BOOKS OF BLOOD Review: Hulu's Clive Barker Anthology Is An Anaemic, Scare-Free Slog

Hulu's adaptation of Clive Barker's anthology series Books of Blood is set to hit the streamer tomorrow, and now that the embargo has lifted we can tell you what we thought of it. Spoiler: Not much...

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Books of Blood was originally envisioned as a TV series that would have (presumably) spotlighted as many of the short stories from Clive Barker's collection of novels as possible, but this feature only loosely adapts two ("The Book of Blood" and "On Jerusalem Street") while adding some original narrative threads.

The first story, which bookends the movie, is about a troubled young girl (Britt Robertson) with a debilitating mental illness who runs away from her parents' house only to wind up in serious danger. The focus then shifts to a grieving woman (Anna Friel) who meets a man (Rafi Gavron) who succeeds in convincing her that he can contact the spirit of her dead son.

These tales are connected by a ruthless contract killer searching for the titular book, which he believes to be worth a fortune.

Barker is a highly divisive writer, but one thing everyone should be able to agree on is that he's one sick bastard. His skill as a novelist notwithstanding, there's (perverse?) pleasure to be found in discovering what depraved scenarios and concepts have found their way to the page. Any adaptation of his work should do its best to reflect this, but Books of Blood simply plays it way too safe.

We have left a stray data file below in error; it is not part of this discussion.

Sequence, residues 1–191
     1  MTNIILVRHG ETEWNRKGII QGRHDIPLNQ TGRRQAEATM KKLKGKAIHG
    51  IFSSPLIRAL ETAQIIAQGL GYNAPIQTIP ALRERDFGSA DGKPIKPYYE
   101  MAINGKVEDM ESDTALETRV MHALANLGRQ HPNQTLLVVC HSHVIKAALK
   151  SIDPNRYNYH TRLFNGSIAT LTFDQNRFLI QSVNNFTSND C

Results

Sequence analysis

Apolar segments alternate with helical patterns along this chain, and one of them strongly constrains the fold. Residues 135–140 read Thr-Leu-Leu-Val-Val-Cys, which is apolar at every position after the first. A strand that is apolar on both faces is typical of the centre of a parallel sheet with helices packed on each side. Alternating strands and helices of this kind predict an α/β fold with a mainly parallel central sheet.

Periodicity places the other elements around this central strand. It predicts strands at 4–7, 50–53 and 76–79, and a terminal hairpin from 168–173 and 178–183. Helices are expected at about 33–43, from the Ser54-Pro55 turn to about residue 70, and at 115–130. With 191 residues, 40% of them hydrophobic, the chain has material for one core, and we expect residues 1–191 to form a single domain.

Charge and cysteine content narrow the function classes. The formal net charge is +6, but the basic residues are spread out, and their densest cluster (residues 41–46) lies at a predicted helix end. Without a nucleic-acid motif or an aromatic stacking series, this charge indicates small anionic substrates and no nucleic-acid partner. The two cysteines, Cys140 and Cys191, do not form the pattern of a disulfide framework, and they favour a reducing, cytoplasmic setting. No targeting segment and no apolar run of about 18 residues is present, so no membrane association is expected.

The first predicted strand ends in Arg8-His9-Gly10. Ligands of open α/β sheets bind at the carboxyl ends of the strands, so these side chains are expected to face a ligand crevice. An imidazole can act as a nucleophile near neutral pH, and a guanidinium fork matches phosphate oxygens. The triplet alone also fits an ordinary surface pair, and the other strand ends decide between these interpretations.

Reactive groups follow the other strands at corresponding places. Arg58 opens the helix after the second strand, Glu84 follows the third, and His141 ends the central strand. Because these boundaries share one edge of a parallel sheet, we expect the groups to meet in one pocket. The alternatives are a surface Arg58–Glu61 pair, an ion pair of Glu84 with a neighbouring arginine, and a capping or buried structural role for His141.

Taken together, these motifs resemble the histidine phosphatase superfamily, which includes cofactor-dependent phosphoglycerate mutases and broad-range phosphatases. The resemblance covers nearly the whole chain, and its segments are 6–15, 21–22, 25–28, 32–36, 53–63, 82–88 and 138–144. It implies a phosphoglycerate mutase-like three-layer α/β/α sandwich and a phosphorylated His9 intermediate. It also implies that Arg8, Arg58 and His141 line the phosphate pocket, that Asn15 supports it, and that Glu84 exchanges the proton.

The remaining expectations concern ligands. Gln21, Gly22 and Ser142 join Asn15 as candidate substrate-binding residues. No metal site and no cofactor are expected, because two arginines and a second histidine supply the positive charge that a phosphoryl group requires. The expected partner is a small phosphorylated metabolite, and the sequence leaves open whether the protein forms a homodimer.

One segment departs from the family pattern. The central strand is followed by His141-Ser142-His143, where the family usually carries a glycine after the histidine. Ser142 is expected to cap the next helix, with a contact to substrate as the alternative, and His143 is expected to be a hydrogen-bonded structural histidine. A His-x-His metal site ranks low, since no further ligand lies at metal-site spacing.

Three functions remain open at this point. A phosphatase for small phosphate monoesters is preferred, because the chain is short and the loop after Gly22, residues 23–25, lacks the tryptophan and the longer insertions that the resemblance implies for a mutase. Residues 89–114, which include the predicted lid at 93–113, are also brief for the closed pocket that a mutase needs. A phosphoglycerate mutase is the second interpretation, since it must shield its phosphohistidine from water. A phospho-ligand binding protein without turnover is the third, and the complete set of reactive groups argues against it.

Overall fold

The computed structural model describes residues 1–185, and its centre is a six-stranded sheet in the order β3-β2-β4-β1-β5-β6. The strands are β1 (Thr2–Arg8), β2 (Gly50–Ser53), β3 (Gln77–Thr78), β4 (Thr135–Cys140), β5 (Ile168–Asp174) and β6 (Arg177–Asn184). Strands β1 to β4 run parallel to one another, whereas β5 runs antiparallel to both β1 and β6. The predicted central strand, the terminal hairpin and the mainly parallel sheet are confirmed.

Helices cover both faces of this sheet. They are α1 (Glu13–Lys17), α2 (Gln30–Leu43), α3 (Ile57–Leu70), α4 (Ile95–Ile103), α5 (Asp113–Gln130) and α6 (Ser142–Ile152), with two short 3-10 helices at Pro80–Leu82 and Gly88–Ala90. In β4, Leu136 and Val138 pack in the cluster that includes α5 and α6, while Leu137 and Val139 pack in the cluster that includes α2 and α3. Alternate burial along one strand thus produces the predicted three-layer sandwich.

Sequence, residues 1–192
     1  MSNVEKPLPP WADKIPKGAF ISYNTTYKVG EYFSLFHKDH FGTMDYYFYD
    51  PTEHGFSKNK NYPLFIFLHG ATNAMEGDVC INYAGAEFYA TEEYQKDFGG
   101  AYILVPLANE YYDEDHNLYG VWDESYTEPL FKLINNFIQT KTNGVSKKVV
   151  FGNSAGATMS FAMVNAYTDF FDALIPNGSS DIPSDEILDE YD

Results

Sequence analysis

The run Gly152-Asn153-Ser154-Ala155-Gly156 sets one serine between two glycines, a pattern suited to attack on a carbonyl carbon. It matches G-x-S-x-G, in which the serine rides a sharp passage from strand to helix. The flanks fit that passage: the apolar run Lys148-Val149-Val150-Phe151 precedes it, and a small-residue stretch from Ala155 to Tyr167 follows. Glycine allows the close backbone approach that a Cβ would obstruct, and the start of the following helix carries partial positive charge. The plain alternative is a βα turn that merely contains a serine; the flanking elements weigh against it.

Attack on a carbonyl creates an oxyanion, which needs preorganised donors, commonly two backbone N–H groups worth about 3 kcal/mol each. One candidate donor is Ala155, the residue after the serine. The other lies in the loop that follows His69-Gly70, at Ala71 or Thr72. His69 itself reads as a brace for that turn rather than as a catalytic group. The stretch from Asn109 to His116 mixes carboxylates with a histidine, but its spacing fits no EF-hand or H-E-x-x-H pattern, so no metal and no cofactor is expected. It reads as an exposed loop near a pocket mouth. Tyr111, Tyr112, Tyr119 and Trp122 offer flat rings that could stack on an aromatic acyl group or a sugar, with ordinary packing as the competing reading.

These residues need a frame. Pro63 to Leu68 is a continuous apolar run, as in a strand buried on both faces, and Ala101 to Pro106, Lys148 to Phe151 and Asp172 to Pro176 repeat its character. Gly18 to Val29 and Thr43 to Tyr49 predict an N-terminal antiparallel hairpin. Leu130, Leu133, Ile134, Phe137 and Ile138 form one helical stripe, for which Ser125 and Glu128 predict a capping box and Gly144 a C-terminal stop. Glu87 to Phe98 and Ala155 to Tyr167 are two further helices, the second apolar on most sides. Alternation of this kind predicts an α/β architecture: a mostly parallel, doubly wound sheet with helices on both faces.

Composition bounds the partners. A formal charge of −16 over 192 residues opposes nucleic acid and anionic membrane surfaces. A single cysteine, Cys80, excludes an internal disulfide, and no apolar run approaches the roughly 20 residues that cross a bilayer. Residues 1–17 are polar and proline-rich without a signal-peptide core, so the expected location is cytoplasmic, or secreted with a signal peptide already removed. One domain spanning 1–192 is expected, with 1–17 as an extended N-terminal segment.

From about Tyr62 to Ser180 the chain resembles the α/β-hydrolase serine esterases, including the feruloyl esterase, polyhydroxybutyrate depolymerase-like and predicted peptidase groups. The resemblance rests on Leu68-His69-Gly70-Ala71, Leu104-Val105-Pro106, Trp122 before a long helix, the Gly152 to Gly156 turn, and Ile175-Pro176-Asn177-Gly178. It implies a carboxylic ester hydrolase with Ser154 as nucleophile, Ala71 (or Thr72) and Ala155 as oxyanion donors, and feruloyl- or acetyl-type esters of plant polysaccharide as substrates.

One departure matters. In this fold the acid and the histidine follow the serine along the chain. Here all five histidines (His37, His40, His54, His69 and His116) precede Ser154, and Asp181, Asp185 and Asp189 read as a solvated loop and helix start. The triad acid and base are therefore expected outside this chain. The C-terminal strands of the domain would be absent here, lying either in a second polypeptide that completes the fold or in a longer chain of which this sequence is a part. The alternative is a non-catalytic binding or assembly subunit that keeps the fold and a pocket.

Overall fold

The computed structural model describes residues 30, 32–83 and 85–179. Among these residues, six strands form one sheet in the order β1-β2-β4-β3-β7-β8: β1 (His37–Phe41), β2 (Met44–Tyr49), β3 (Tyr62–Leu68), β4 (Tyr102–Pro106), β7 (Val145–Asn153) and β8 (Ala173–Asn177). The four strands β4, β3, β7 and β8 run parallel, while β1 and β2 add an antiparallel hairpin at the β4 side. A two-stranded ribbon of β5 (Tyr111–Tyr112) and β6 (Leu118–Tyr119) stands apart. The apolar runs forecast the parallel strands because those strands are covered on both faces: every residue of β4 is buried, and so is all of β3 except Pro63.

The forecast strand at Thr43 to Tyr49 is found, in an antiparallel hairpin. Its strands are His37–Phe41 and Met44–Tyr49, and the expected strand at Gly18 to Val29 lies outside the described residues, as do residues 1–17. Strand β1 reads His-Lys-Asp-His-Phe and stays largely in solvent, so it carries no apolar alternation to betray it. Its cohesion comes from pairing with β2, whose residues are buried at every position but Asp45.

Part of the problem lies with the stories writer/director Brannon Braga has chosen to work from. Barker's novels contain all manner of twisted tales involving demons, doppelgangers and parallel worlds, but this trio of stories barely even scratch the surface of the supernatural. That wouldn't be a deal breaker on its own (there's plenty of grounded horror that works very well), but these overlapping yarns are nowhere near frightening, tense or compelling enough to compensate for their lack of imagination.

Some mild spoilers follow:

Books of Blood does have one surprisingly nasty little trick up its sleeve that hints at some potential if Braga was given the chance to return to Barker's books for that anthology series, but it plays it way too late in the game to make up for what amounts to a pretty tedious viewing experience overall.

Decent performances from Friel and Robertson and a couple of interesting ideas ensure Books of Blood isn't a total write-off, but there are far too many options for horror fans out there this Halloween - including Hulu's Monsterland - to settle for this anaemic, almost completely scare-free slog.

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